Proteins were separated on 4–12% gradient NuPAGE Novex Bis-Tris gel (Life Technologies), visualised by staining of the gels with Coomassie Blue and digested in-gel (8 gel slices were cut for the surface proteome and internalised proteomes; 5 gel slices for Rab17 immunoprecipitation) using trypsin (Shevchenko et al., 2007) and desalted as described previously (Rappsilber et al., 2007). For the proteome analysis of cells that had been silenced for Rab17, proteins were trypsin-digested using the filter-aid sample preparation (FASP) method, and 50 µg of peptides were separated by using strong anion exchange chromatography on StageTip as previously described (Wisniewski et al., 2009). Digested peptides were loaded onto an EASY-nLC instrument connected online to an LTQ-Orbitrap Elite mass spectrometer (Thermo Fisher Scientific). Peptides were separated using a 20 cm fused silica emitter (New Objective) packed in-house with reversed-phase Reprosil Pur Basic 1.9 µm (Dr Maisch GmbH) and eluted with a flow of 200 nl/min from 5% to 20–30% of buffer containing 80% acetonitrile in 0.5% acetic acid over a 90 min (190 min gradient for Rab17-knockdown cells) linear gradient. The full scan MS spectra were acquired at a resolution of 120,000 at m/z 400. The top ten most intense ions were sequentially isolated for fragmentation using high-energy collision dissociation and recorded at a resolution of 15,000. Data were acquired with Xcalibur software (Thermo Fisher Scientific).
MS data analysis
The MS files were processed with the MaxQuant software (Cox and Mann, 2008) version 220.127.116.11 (proteome) and 18.104.22.168 (internalised proteome and interactome), and searched with the Andromeda search engine (Cox et al., 2011) against the human UniProt database (release-2012 01, 88,847 entries). The common reverse and contaminant hits (as defined in MaxQuant output) were removed. Only protein groups identified with at least one uniquely assigned peptide were used for the analysis. For the SILAC experiments, the SILAC ratios between light-isotope and heavy-isotope peptides were calculated using MaxQuant. Protein groups were considered reproducibly quantified if identified and quantified in the forward and reverse experiments. For label-free quantification, proteins were quantified according to the label-free quantification algorithm available in MaxQuant (Cox et al., 2014).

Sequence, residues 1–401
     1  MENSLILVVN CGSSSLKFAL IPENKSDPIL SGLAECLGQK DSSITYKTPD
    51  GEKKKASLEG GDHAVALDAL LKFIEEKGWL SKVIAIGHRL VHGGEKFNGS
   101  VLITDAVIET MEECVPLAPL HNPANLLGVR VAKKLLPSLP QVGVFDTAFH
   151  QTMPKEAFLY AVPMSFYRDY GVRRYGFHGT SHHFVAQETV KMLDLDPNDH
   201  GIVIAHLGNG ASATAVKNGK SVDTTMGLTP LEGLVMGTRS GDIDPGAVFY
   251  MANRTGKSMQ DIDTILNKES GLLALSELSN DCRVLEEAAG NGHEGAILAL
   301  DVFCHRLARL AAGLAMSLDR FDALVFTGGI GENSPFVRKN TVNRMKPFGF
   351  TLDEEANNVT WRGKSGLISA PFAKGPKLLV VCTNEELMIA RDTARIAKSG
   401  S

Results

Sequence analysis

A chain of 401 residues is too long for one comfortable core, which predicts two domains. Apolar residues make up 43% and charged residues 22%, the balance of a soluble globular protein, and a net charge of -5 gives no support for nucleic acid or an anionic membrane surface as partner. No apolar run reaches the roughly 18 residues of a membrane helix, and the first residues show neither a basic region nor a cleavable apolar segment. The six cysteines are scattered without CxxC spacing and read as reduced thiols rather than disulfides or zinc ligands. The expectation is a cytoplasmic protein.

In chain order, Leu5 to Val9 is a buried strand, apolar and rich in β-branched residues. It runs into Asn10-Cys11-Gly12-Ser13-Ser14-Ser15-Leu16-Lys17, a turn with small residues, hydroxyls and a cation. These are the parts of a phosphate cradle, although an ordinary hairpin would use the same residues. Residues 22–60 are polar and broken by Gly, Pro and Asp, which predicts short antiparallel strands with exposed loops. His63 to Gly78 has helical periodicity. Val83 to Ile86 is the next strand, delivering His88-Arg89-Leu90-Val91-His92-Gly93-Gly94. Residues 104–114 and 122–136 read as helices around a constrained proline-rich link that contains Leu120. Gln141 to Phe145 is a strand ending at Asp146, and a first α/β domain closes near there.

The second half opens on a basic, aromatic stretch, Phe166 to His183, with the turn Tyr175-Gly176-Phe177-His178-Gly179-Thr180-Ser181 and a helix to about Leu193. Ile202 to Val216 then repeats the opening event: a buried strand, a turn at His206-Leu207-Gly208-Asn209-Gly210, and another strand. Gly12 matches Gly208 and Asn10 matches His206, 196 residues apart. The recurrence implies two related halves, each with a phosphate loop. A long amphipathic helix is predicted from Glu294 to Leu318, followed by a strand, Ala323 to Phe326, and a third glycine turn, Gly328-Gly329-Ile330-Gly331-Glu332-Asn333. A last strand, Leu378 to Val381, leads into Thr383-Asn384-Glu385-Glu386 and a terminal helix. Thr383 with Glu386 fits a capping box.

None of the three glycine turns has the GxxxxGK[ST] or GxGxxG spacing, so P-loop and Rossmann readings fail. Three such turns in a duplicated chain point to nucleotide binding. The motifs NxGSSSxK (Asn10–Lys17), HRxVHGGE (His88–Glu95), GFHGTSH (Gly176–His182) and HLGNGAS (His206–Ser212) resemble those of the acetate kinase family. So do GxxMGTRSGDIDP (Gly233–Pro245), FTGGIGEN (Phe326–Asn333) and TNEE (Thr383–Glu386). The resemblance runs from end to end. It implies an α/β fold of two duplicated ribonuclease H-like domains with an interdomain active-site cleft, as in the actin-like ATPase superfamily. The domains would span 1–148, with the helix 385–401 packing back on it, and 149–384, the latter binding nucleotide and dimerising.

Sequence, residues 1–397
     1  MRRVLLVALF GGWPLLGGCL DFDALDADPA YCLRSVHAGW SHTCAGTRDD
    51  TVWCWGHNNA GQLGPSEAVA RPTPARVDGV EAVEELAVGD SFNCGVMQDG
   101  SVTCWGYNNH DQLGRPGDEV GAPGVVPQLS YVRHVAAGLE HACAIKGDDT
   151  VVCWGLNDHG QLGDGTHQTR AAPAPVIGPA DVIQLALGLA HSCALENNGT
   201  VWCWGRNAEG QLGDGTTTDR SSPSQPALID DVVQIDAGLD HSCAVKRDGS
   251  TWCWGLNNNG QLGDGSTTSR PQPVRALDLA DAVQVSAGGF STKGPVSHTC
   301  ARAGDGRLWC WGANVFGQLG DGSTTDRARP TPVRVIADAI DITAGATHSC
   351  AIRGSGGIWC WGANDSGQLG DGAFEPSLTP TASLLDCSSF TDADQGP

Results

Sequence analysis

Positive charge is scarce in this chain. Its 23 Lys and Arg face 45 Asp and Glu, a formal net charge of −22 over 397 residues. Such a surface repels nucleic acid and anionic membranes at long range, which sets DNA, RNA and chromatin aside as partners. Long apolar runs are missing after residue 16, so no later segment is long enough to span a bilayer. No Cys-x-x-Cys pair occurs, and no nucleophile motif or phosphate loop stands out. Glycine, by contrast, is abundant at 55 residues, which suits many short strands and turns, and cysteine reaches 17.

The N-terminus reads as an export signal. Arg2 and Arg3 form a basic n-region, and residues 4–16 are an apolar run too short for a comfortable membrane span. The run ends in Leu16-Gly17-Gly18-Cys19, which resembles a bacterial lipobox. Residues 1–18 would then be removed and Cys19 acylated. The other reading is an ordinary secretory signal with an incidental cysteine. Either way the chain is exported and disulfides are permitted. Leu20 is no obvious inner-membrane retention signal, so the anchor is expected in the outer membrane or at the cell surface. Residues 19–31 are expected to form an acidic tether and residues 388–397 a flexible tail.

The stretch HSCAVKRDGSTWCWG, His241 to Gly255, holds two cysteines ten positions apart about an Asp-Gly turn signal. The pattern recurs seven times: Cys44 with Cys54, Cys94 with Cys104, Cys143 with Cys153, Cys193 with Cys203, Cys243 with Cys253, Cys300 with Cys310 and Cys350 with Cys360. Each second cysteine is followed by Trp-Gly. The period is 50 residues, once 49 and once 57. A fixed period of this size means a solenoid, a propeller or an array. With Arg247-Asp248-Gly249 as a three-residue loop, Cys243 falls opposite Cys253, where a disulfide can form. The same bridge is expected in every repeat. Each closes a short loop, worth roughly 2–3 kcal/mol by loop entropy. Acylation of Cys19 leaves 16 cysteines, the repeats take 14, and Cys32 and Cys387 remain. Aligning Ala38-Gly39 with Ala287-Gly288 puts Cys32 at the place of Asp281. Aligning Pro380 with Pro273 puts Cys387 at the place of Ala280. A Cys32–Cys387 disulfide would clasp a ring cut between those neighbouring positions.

SILAC analysis of the surface proteome and internalised proteome
From the filtered list of quantified proteins, hits with opposite regulation (opposing signs when the SILAC ratio was expressed as log2) in the two experiments were excluded. To identify differentially trafficked proteins upon Rab17 knockdown, proteins belonging to the 1st or 3rd quartiles of the SILAC ratio distribution of the forward and reverse experiments were considered. This statistical approach allowed us to select proteins with small but reproducible (in both forward and reverse SILAC experiments) changes in localization.
SILAC analysis of the Rab17-knockdown proteome
For forward and reverse experiments, protein groups with significant SILAC ratios were determined according to the significance B test (Cox et al., 2011), using 5% as the false detection rate (FDR). The significance B test identifies outliers based on the standard deviation of the protein SILAC ratio of the main distribution and the protein abundance (intensity measured at the mass spectrometer). The significance B test was chosen because, as typically shown for SILAC datasets (Cox et al., 2011), the distribution of the logarithmic SILAC ratios was dependent on the protein intensity, where the spread of nonregulated proteins was higher for low- compared to high-abundance proteins. For this reason, for low-abundance proteins to be significant, a higher deviation from the SILAC ratio main distribution is required. Conversely, for high-abundance proteins, a smaller deviation is required.
Label-free analysis of the interactome
Three independent replicates were generated per condition (control and Rab17 immunoprecipitation), and significantly enriched proteins were selected using a Welsh-test-based analysis (5% FDR). The Welsh test is particularly suitable for this kind of analysis, where control and Rab17-immunoprecipitated samples could recover different numbers and amounts of interacting protein, because this test is designed for studies where the two samples have unequal variances and unequal sample sizes.